The 2016 legislative session will present many important debates and votes on this important issue.

Sources

Time Sequence Map of PA Drilling Available

Pennsylvania’s Drake Well is known for sparking the first oil boom in the United States in 1859. In more recent history, the industry has resurrected hydrocarbon extraction in the Commonwealth through unconventional oil and gas drilling – or fracking. Between 2002 and October 28, 2015, at least 16,826 of these high-impact wells have been approved statewide, and 9,508 drilled.

While standard maps can be useful to show the reach of the industry in aggregate, they aren’t the best way to show how drilling activity has changed over time. Luckily, we have other tools in the toolbox to show the trend. See drilling by year in this time sequence map below.

PA Unconventional Drilling Time Sequence Map

This representation starts slowly, just as the industry did in the state. Activity begins to pick up around 2008. In later years, watch exploration expand throughout the Marcellus and Utica shale plays. Eventually the activity concentrates in the northeastern and southwestern portions in the state.

Public Herald’s #fileroom Update

Crowdsourcing Digital PA Oil & Gas Data

FracTracker Alliance worked with Public Herald this spring to update and map oil and gas complaints filed by citizens to the Pennsylvania Department of Environmental Protection (PA DEP) as of March 2015. The result is the largest release of oil and gas records on water contamination due to fracking in PA. Additionally, Public Herald’s investigation revealed evidence of Pennsylvania state officials keeping water contamination related to fracking “off the books.”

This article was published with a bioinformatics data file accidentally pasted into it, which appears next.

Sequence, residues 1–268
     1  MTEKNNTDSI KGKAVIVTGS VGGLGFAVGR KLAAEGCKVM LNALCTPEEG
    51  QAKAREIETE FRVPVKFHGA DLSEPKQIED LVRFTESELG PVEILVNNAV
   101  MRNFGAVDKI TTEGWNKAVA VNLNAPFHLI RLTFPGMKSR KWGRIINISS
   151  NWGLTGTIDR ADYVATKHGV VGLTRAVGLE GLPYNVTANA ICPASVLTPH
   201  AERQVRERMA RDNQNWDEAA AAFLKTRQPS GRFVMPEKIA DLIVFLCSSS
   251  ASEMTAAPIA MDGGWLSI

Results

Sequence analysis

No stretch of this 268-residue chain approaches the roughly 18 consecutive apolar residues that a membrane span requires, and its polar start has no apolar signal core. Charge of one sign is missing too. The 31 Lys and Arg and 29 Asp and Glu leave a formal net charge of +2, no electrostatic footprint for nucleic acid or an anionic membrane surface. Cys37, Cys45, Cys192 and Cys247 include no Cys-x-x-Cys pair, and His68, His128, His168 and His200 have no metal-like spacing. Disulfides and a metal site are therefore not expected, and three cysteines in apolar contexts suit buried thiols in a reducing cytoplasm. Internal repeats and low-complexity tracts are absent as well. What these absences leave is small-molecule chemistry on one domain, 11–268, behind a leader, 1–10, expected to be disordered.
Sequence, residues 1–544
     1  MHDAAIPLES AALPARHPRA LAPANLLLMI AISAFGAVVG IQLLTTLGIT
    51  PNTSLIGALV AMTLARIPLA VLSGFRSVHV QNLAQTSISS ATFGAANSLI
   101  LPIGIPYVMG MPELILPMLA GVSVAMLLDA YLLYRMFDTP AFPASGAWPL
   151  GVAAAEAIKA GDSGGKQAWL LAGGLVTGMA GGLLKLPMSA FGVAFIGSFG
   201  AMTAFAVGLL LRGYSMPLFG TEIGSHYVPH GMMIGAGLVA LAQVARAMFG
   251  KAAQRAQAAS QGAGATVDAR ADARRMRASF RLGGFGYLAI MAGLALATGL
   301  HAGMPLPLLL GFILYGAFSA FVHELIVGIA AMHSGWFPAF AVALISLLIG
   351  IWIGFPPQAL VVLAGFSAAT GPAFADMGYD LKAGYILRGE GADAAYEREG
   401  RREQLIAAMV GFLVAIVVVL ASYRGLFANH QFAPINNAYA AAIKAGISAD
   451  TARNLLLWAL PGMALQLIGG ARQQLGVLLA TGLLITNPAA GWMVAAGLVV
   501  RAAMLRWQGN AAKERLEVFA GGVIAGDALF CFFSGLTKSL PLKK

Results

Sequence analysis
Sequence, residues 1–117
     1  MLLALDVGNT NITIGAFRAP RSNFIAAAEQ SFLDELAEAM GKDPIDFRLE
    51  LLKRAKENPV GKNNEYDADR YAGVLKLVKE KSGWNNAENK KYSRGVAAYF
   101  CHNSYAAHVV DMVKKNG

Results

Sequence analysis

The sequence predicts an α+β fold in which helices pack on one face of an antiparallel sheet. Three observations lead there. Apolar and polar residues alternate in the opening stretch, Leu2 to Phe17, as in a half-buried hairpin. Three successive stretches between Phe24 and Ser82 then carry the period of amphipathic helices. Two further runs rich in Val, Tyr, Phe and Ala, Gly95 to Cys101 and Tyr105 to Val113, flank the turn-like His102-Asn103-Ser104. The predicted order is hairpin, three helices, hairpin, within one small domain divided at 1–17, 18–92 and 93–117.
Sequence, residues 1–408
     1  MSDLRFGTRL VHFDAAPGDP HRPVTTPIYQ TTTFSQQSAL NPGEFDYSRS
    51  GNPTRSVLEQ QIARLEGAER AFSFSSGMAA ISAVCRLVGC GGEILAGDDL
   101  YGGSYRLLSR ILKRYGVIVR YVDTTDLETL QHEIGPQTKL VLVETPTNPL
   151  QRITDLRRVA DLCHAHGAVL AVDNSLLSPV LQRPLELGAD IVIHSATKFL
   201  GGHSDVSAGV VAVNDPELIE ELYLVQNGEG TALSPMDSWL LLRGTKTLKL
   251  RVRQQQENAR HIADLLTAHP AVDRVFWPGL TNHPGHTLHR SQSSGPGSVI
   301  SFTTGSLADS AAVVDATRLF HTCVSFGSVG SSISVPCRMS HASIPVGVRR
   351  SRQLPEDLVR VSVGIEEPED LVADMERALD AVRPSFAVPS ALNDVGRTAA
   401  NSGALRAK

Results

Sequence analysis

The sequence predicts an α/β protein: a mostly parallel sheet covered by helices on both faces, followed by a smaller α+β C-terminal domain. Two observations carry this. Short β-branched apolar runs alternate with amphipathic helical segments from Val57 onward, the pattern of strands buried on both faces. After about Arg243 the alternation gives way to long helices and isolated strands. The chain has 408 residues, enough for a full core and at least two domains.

Project Background

The mission of Public Herald, an investigative news non-profit formed in 2011, is two-fold: truth + creativity. Their work uses investigative journalism and art to empower readers and hold accountable those who put the public at risk. For this project, Public Herald aims to improve the public’s access to oil and gas information in PA by way of file reviews and data digitization. Public Herald maintains an open source website called #fileroom, where people can access a variety of digital information originally housed on paper within the PA DEP. This information is collected and synthesized with the help of donors, journalists and researchers in a collective effort with the community. To date, these generous volunteers have already donated more than 2,000 hours of their time collecting records.

The site includes complaints, permits, waste, legal cases, and gas migration investigations (GMI) conducted by the PA DEP. Additionally, there is a guide on how to conduct file reviews and how to access information through the “Right-to-Know” law at the PA DEP. They have broken down complaints and permits by county; wastes and GMI categories by cases, all of which include test results from inspections; and correspondence and weekly reports.

Some partners and contributors to the file team include Joshua Pribanic as the co-founder and Editor-in Chief, Melissa Troutman as co-founder and Executive Director, John Nicholson, who collects and researches for several databases, Nadia Steinzor as a contributor through Earthworks, and many more. Members of FracTracker working on this project include Matt Kelso, Samantha Rubright, and Kirk Jalbert.

#fileroom’s update expands the number of complaint data records collected to 18 counties – and counting!


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More than an Inconvenience